Student protester jailed for throwing fire extinguisher
A student who admitted throwing a fire extinguisher from the roof of a central London building during the student fees protests has been jailed.
Edward Woollard, 18, from Hampshire, was among protesters who broke into the Tory party headquarters and emerged on the roof on 10 November.
He was jailed for two years and eight months after admitting at an earlier hearing to committing violent disorder.
Police said his actions "could have resulted in catastrophic injury".
The student, who hoped to be the first member of his family to go on to higher education, was filmed throwing an empty metal fire extinguisher from the seventh-floor of 30 Millbank as hundreds of people gathered in a courtyard below.
The canister narrowly missed a line of police officers attempting to protect the looted and vandalised building from further damage on a day when 66 people were arrested.
End Quote Judge Geoffrey Rivlin QC Southwark Crown Court
It is my judgment, exceedingly fortunate that your action did not result in death or very serious injury either to a police officer or a fellow protester”
The Brockenhurst College sixth-form student later went with his mother to a police station and admitted to throwing the extinguisher after footage of the incident was shown on television.
Woollard, from Dibden Purlieu, in the New Forest, was sentenced at Southwark Crown Court.'Deeply regrettable'
Judge Geoffrey Rivlin QC told the student the public had a right to protection from violence.
"It is deeply regrettable, indeed a shocking thing, for a court to have sentence a young man such as you to a substantial term of custody," the judge said.
"But the courts have a duty to provide the community with such protection from violence as they can.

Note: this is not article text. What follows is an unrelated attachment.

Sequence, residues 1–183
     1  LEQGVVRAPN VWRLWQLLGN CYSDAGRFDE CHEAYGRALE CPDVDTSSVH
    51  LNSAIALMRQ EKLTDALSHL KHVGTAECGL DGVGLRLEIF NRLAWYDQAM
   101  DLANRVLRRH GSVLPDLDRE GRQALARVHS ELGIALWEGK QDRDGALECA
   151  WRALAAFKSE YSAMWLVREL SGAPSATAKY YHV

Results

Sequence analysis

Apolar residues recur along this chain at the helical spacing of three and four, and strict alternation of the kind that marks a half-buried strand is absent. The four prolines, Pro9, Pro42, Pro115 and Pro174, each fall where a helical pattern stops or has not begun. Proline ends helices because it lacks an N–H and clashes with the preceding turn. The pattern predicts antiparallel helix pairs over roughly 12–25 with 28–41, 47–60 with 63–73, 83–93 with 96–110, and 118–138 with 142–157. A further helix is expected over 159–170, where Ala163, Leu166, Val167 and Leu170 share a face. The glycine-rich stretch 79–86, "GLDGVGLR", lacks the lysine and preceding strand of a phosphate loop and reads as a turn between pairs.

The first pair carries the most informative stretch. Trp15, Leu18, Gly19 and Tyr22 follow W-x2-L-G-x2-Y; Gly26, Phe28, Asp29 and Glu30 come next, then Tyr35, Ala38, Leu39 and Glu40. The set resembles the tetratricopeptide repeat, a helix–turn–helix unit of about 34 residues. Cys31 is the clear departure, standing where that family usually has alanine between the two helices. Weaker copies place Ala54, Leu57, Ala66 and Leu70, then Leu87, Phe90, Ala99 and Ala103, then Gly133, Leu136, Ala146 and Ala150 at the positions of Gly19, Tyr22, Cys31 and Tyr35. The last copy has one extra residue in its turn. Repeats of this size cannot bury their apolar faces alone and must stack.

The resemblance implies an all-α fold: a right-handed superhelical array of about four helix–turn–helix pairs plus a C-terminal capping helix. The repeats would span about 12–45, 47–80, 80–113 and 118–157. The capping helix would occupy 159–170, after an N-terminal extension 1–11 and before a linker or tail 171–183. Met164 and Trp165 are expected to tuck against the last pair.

"This means sending out a very clear message to anyone minded to behave in this way that an offence of this seriousness will not be tolerated."
He added it was "exceedingly fortunate that your action did not result in death or very serious injury either to a police officer or a fellow protester".
The judge praised Woollard's mother, Tania Garwood, saying he was taking into account her "extraordinary and courageous conduct" in persuading him to give himself up.
In a police statement read to the court, Woollard apologised for his actions, saying: "When I was told I had potentially endangered people, I felt sick.
"I was absolutely not intending that anyone in any way would be hurt."
His barrister, Hossein Zahir, said Woollard acted in a "moment of madness" and the offence had "jeopardised his future and prospects".
In a statement, Brockenhurst College said: "The college views what occurred as extremely serious and Edward Woollard has been on permanent exclusion since the incident."
Woollard was told that he would serve at least half of his sentence for violent disorder in a young offenders institution.
Cdr Bob Broadhurst, the Metropolitan Police's head of public order, said the sentence was "a significant period of imprisonment" which would have "a significant impact" on Wollard's future.
"I would ask those intent on causing violence and undermining those committed to peaceful protest to reflect on today's outcome."